World Bank Group: Financing and Implementing the Sustainable Development Goals – Ideas for Action 2018

The Ideas for Action (I4A) initiative is a youth annual competition on financing and implementing the Sustainable Development Goals (SDGs).  It is jointly organized by the World Bank Group and the Zicklin Center for Business Ethics Research at the Wharton School of the University of Pennsylvania. It provides students and young professionals from around the world with a unique opportunity to help shape the international development agenda and to take an active role in changing the world. It also provides to the winners access to leading professionals in the global development field and the private sector.

The three winning, plus two runners-up, ideas of 2018 were:

(i) MINO Microbubble Technology from Indonesia: a technology that increases dissolved oxygen in water to improve fish farm yields.
Two-thirds of the people in Asia are malnourished because the region’s food supply has not been able to keep up with the soaring food demand caused by the region’s rapid population growth. Aquaculture is an important source of livelihood for the rural poor that generates income through the direct sale of products. MINO Microbubble Technology can multiply the yield without having to open more areas for extra ponds. Hence, the region can achieve the UN SDGs to end hunger, achieve food security, and promote sustainable water use that is environmentally friendly.

(ii) Starlight from Rwanda: a women-led business model to improve sustainable access to energy.
Rwanda’s population has more than doubled over the past decade. This population growth means that more people will need access to affordable energy. Team Starlight started a STEM (science, technology, engineering, and mathematics) initiative in high schools to encourage students to explore circuitry and to develop technical skills, with the hope to empower Rwanda’s youth (and especially young women) to become a part of the solution. Team Starlight also came up with the solution of providing locally made solar lanterns with the aim of making solar products affordable and make it easy for the rural population to switch from kerosene to solar power. The positive effects go beyond providing a sustainable form of light.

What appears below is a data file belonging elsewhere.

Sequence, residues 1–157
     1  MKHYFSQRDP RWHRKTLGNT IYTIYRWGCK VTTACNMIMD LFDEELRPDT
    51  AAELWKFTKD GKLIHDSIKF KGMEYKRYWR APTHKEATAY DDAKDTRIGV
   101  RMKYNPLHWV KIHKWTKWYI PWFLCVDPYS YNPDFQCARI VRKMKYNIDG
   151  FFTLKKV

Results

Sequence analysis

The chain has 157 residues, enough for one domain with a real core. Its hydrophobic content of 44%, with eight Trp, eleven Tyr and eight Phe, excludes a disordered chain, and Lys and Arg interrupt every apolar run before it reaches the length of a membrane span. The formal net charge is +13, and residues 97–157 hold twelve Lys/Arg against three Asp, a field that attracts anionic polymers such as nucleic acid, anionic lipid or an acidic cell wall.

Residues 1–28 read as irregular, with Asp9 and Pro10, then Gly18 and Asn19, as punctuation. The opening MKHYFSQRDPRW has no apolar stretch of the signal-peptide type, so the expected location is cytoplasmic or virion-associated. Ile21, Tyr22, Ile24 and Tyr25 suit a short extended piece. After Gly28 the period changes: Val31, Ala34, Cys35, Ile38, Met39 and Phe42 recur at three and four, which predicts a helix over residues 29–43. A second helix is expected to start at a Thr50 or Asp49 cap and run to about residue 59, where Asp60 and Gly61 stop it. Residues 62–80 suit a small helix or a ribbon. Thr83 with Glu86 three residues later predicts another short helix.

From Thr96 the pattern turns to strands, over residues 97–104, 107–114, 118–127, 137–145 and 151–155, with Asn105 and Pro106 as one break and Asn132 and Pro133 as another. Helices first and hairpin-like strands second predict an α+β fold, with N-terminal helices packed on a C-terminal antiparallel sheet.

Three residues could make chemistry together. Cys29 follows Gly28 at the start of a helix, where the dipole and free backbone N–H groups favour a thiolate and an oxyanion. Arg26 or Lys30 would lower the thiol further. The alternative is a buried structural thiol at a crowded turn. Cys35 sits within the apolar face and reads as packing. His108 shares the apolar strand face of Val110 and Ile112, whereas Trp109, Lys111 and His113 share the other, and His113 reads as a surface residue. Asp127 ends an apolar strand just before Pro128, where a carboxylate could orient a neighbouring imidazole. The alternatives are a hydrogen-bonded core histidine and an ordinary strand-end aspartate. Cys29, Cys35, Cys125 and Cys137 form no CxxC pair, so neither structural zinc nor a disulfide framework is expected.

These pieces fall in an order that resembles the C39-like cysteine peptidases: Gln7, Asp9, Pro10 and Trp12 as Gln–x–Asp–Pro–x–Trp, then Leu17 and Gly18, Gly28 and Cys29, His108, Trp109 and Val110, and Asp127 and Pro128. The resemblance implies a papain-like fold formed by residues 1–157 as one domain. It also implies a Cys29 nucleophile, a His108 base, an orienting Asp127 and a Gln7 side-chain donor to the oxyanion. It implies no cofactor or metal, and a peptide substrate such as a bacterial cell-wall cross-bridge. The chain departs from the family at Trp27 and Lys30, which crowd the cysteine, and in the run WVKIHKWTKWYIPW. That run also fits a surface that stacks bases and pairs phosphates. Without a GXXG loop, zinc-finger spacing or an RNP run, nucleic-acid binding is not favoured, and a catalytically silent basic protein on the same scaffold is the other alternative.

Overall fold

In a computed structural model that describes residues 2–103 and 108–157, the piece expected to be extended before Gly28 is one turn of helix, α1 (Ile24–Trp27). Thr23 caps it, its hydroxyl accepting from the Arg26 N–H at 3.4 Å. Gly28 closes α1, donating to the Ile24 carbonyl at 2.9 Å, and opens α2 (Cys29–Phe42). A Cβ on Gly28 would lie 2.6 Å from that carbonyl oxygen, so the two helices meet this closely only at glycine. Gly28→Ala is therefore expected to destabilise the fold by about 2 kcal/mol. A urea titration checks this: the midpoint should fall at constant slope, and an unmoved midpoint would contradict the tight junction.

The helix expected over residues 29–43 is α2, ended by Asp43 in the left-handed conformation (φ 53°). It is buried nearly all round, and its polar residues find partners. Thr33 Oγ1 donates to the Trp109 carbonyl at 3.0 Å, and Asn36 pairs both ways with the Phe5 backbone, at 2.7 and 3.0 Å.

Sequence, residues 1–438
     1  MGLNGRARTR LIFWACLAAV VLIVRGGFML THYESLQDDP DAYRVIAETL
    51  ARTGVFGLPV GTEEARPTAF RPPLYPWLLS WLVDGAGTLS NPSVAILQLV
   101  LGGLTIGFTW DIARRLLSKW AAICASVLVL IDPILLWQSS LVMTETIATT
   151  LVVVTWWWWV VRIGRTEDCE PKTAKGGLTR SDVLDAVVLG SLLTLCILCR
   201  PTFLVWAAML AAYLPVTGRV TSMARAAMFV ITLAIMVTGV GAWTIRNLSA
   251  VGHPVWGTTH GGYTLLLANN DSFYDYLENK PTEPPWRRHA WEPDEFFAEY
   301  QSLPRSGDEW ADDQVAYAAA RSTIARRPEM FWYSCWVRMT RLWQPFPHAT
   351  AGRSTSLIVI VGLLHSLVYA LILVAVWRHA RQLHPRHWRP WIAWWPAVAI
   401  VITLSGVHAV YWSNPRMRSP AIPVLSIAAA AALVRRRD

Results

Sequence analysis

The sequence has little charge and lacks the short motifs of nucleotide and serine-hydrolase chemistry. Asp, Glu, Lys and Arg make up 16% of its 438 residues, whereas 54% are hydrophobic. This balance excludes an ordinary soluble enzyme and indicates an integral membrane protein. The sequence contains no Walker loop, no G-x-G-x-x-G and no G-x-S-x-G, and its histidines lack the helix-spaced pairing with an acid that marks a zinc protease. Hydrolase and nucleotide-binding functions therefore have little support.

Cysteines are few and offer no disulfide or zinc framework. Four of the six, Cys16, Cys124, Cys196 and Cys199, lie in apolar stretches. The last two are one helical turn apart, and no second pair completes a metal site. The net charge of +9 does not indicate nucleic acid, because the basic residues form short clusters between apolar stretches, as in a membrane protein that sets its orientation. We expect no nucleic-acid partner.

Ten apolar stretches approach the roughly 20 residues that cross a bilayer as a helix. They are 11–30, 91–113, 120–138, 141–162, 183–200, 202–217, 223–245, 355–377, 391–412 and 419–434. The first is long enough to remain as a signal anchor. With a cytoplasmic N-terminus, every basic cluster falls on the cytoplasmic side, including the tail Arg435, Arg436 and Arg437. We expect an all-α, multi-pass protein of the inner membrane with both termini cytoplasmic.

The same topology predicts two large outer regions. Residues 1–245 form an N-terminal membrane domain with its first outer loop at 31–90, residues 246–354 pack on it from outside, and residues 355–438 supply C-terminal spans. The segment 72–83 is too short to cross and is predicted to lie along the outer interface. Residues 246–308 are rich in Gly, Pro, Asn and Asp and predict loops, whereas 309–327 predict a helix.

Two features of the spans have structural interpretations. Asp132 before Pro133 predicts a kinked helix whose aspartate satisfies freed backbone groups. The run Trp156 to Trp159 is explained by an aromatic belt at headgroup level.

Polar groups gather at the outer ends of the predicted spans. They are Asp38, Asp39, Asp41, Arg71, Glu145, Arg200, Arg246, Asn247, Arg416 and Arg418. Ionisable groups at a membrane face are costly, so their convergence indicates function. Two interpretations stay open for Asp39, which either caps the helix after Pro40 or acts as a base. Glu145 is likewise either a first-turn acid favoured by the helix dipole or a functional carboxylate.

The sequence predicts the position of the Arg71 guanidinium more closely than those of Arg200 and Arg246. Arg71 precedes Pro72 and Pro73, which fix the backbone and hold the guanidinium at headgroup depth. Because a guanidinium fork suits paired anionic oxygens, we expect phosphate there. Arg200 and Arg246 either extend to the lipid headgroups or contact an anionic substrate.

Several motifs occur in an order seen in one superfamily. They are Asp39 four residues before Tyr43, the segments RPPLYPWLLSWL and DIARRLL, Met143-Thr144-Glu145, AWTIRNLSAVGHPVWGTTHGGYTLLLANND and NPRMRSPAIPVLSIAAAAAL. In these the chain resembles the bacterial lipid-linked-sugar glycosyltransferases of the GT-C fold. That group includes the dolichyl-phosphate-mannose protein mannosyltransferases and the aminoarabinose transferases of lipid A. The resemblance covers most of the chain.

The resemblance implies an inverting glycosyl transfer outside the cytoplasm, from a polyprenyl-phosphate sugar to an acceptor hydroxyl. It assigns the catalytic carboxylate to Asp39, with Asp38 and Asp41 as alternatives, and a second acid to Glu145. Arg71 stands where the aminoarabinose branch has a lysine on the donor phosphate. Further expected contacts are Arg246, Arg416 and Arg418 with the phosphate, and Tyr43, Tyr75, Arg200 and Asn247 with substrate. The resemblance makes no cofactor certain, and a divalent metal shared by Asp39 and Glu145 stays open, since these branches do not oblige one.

(iii) Amal from the United States: a new legal software program and digital platform that allows women in MENA (Middle East and North Africa) countries to understand their rights in their country of residence and to complete the paperwork required to secure access to these rights.
For women in MENA, laws on paper often do not reflect their reality, making it crucial for mechanisms for legal implementation to be in place to improve livelihoods. Amal provides a step in easing these issues by offering a central platform to explain women’s rights in each country, to streamline the steps and requirements for acquiring basic registrations and rights, and to complete and submit required documentation with confidence and ease. Securing women’s rights provides women the opportunity to make the choices that are best for them, their families, and their communities.

(iv) Al-Derb Platform: a way for individual and group funding to help young people obtain grants for high-quality online education and training courses offered by universities and training centers.
The difficulty of obtaining a good education and the low skill level that young people in the Arab world have are major obstacles to entering the job market and to earning an income than can provide a decent standard of living. Through this platform, thousands of Arab young people will have the opportunity to continue their education and training to build their skills. On the basis of current capabilities, the target is to provide 500 grants a year, but this number could increase if we are able to convince other donors to help a larger number of young people.

(v) Pennepidemic: ensuring food safety in China and beyond through Blockchain Technology.
As the world becomes more interconnected, the global food supply chain is exposed to a greater number of possible threats. A digital ledger system known as Blockchain technology is the most effective solution in tackling the issues of food safety and food fraud. The transparency and traceability of Blockchain technology connects all parties (producers, retailers, consumers) in the Blockchain network and ensures an improved food supply chain. In addition, the implementation of Blockchain technology will have positive ripple effects on growth and development.

More information: http://pubdocs.worldbank.org/en/720611539785849721/Ideas-for-Action-final-9-10-18web.pdf